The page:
Co-op students Hailey Brinkman and Victoria Adams, Dr. Scott Reid, technician Katie Quinn. DON RICKERS

“It’s not about me, it’s about the students who are the future”

Many high schools offer co-op programs as a way of providing students with a hands-on approach to the working world.

For students with placements at the Balfour Animal Hospital in Fenwick, hands can get scratched, or even bitten. But there’s no danger pay. It’s all in a day’s work.

The Voice recently visited the clinic to observe students working under the tutelage of Dr. Scott Reid, an award-winning veterinarian who has served for decades as a mentor to hundreds of students.

“Many of my students are interested in working with animals as veterinarians, or as registered veterinary technicians [RVTs],” said Reid. “The RVTs are the unsung heroes of veterinary medicine, performing blood tests, inserting intravenous drips, administering medications, and getting animals prepped for surgery. I supervise, do the surgeries, and prescribe treatment and meds, but a lot of the work in veterinary clinics is done by RVTs.”

Reid points to Katie Quinn, his RVT overseeing E.L. Crossley co-op students Hailey Brinkman and Victoria Adams as they assess Tom, a ten-year-old feral cat. The physical examination requires that the students establish Tom’s heart and respiratory rates, along with other vital signs.

“Katie supervises them and does a lot of the teaching. I deal with the surgery component, but Katie does all the monitoring. She’s a very skilled RVT,” said Reid. “Katie attended the Ridgetown campus of the University of Guelph, near Chatham. It has a tremendous RVT program.”

Quinn said that her days are busy with all kinds of veterinary procedures, such as assisting with surgeries, spaying and neutering, lump removals, dental cleaning and extractions, and occasionally euthanasia of animals.

“Tom was an outdoor barn cat for much of his life,” said Quinn. “He had frostbite to his ears and his nose, and was in rough shape when he was first brought in. Today, he’s pretty healthy.”

Reid was recently recognized for three and a half decades of exemplary service, and was awarded the Golden Life Membership Award from the Ontario Veterinary Medical Association (OVMA). The award honours a veterinarian who has served the profession for at least 30 years and has made extraordinary contributions to animal welfare and veterinary medicine.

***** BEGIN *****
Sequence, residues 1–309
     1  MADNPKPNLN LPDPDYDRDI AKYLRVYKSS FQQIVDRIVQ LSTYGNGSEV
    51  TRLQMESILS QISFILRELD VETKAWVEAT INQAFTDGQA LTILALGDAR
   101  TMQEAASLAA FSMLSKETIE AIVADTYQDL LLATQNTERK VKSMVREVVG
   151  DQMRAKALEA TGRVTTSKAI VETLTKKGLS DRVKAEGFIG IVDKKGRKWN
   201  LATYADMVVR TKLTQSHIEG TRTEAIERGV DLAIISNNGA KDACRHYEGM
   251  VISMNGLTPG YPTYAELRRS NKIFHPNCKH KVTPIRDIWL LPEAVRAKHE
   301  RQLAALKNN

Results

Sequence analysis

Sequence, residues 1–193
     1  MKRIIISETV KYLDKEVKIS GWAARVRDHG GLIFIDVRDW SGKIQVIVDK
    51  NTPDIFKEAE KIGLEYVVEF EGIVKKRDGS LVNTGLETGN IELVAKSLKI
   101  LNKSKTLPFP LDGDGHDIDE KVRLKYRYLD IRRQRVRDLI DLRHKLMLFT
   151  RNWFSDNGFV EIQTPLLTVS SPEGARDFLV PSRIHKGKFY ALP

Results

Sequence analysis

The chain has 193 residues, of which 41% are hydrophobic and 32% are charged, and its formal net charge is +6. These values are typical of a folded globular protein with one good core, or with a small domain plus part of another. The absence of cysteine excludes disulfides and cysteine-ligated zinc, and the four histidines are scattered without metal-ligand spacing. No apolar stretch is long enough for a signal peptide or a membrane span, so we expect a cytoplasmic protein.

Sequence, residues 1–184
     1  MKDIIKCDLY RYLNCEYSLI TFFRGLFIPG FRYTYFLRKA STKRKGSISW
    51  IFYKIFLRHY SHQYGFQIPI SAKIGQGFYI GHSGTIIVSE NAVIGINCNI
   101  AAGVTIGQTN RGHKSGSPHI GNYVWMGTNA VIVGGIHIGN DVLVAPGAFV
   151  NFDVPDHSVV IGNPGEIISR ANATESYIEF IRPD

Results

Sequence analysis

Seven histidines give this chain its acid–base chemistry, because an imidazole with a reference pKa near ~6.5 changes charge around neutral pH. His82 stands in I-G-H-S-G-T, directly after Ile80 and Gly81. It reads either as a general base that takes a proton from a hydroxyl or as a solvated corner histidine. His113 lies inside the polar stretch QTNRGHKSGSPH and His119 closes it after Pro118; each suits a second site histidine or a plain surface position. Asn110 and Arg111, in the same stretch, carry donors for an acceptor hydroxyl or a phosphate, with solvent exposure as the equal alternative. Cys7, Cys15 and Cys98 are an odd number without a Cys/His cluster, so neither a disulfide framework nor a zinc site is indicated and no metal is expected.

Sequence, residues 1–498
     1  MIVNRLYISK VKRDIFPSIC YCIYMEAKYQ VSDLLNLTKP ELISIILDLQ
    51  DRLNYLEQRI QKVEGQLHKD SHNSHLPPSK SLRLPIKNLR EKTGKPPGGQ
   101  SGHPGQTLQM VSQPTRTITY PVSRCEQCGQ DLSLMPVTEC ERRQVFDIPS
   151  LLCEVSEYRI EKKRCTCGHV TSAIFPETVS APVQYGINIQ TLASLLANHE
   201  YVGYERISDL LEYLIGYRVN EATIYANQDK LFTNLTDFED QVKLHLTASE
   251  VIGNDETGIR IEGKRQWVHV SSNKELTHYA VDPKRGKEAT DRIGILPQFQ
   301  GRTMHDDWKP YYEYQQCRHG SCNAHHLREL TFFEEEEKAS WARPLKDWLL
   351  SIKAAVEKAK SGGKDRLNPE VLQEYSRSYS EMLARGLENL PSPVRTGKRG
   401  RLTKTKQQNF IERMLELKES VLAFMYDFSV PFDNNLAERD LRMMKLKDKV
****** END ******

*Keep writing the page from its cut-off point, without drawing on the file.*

A group of Reid’s former students nominated him for the award.

His passion for zoological medicine led him to work with unique species at various zoos in southern Ontario, including the African Lion Safari. Reid has written a book, My Book of Memories, about his adventures and experiences working as a veterinarian.

“For as long as I have known Scott, he has had an unquenchable thirst for knowledge and unwavering passion for the practice of veterinary medicine,” says colleague and friend Dr. Steve Backman in a press release. “His passion for his profession is only matched by his compassion for the animals in his care and support for the emotional well-being of their owners.”

Reid has been in practice for 35 years

“The veterinary profession is a small community,” said Reid. “My friend and former student, Dr. Ivan Bos, started the Balfour practice in 2012, and he worked for me when he first graduated. I owned a vet clinic in Dunnville for 25 years, and then 10 years ago became a locum [fill-in]. I’ve been with the Balfour clinic for two and a half years now, helping out four days a week.

Reid graduated at age 23 from the Guelph Veterinary College in 1987. He still resides in Dunnville, but enjoys the leisurely 25 minute drive to Fenwick four days each week.

“The people here in Fenwick are wonderful, and have known me for many years because I used to do house calls here in the past,” he said.

He is zealous about constantly updating his knowledge.

“I go to conferences, and do daily readings,” said Reid. “I probably log 300 hours a year in continuing education. You learn a lot by talking to other veterinarians. Every day I learned something new.”

Reid will receive his award at a veterinary conference in July, at the Western Harbour Castle Hotel in Toronto.

“It’s all been quite overwhelming,” he said. “But I still think my most important contributions are through teaching. My job, as I see it at this stage of my career, is to share information and mentor the next generation of veterinary professionals.”